thePhilippinesgovernmentand
thus a
regulation
that
the
Sultanate,
like
the
rest ofthe
GCC,
is
not
tiedto.
Another
formality
in
the
process
of
recruitment
for
household
workers is
a'billof
rights'that
theemployer
must
read and attach
to
every
contract.
However,
as
the
housemaids arein
no
way entitledtoview
this
documentthen the employeesareusually unaware of
their
rights.lnstead,
it
is left to
the
employer
to
inform
their
'hired hand' of
their civil
liberties;
which
is
obviouslyveryrarely done.
Noneof
the
girls
I
spoke
to
had
seen
the document.
Althoughthere arevast
abuses
ofworkers'
rights
from
agencies
andemployersin
theSultanate,therealproblem
comes
from
an
illegalpracticeofhiring workersfrom
an
agency
in
the
UAE
beforesendingthem
on
to
Oman
with
touristvisas.Thesegirlsthus slipthroughanyveneers
ol
protectiontheymight
be
entitledto, and
aS
such,
they areoftenwithout
labour
cards andare
essentially
confined
to the
house
as
illegal
workers.With
the
girlsstaying
in
the countryon expired
tourist
visas, theyarereluctant
to
go
to
the
policeif theyareabused
or
mistreated
by
their
employer.Amelitosays,
"99
percent
of
thegirls
here(atthe
refuge)were
recruitedthisway. We'vefrequentlycomplainedto
the
Ministryof
Foreign
Affairs
to
solve
the
problem
but
it
is still
continuing."The agencyin
the
UAE
treats
theemployeesas
cattle
rather
than
humanbeings.Whena
contract
expires betweena
house
maidand a
UAE
employee
theworker
issoldon
to clients
in
Oman
without
goingthrough
the
morevigorous
process
that
agencieshere
in
0manare subject
to.
Thisprocess
is
"simply
human
tralficking
and
it
happens
frequently,"
Amelito
informs me.
He
adds,"They
are
treatedas acommodity
and
the
agencyfoolsthesegirls
to
come overhereandforcesthemto
work."
The
effects
on
the
individual
who
pass
through
this transfer
arehuge.
The
girlsare sent
on
to
a country
which
has
a very
different
social structure
fromthe
UAE
and
thus
the
maids areexpected
to
performvery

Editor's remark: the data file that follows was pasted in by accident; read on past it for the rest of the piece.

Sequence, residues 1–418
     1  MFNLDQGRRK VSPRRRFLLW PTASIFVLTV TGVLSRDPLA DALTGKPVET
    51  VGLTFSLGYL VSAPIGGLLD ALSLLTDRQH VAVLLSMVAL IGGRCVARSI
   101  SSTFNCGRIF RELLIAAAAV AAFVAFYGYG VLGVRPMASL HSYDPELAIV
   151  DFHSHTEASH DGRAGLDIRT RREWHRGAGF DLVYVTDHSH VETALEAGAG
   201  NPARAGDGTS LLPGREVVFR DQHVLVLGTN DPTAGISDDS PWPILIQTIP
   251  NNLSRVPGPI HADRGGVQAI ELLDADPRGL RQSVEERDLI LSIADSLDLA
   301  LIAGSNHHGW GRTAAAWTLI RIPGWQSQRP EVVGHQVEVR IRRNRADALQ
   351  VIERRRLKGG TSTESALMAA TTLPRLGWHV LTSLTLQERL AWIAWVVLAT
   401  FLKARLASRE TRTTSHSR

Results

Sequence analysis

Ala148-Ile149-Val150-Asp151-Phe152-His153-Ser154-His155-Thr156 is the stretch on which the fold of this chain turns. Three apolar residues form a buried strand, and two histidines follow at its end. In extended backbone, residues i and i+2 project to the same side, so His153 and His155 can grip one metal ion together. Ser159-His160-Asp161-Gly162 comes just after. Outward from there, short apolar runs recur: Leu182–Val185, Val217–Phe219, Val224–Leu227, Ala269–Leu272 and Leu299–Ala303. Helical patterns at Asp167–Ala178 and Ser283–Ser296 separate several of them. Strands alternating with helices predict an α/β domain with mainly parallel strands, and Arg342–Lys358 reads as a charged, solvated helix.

different
roles."Theproblem
is
that
in
Oman
things are
differentfrom
in
the
UAE.Here
you
have a
whole
family
livinginonehouse
and
theworkeris
expected
to
doeverything
and
have
to
work
longer hours,
often
with
lowersalaries."As
with
otherparts
of
the
GCC,
abuseis
frequent
and
takes
many
differentforms.
Many
of
the
girlsI
spoke
to
at
the
refuge
fledtheir
employersbecause
of
physicalabuse.
One
girl
who
had only
beenat
the
refuge
for
a
few
days
would not explainwhy
she
fled,
butthescratchmarks on
her
chestwere undoubtedly
a
factor
in
this.Anothergirl
tells
me
that
she
was encouraged
by
her employer
on
a daily
basis
to sleep
with
him, while the
wifetold
her
that
shemust
do
whateverthe
'master'
says.
"sexual
abuse
is
aregular complaint
with
thegirls.
When
the
wife
leaves
the
house,many complainthat
the
men
walk
around
the
housenaked,andmany
girls
areraped.
With
rape,
it
is hardto
file
a complaintbecause
the
law
SayS
you
need
witnesses,"
he
SayS.
"They are
usually
treatedlike slaves
by
their employers
as
they
believe
that
becausetheypaidmoneyfor them,they ownthem."Cases
wherephysical
or
sexualabuse
are
evident
areusually
resolved
swiftly,
with
theemployerpassing
on
the necessarydocuments
to ensure
thegirls
gobackto
thePhilippines
asquicklyas
possibleso
theslim
danger
of
being
taken
to
court
nevermaterialises.
For
others,
the
process
of
leaving
the
country
is
usually
a
long drawn outaffair,
with
some
girls
living
for
over
ayear
in
the
embassy
untiltheir
cases
are decided."The
employers
paid
money
to
have
thegirls
come
to
Oman,
so
usually
theywant
to
get
it
back
from
theagencybefore
they
sign
the
papers
to
release
the
girls.When
the
casegoes
to c0urt
then
they
(theemployer)simply
don'tturn
up and
the
hearing
is
postponed
for
anotherweek,"Amelito
says.
22
lw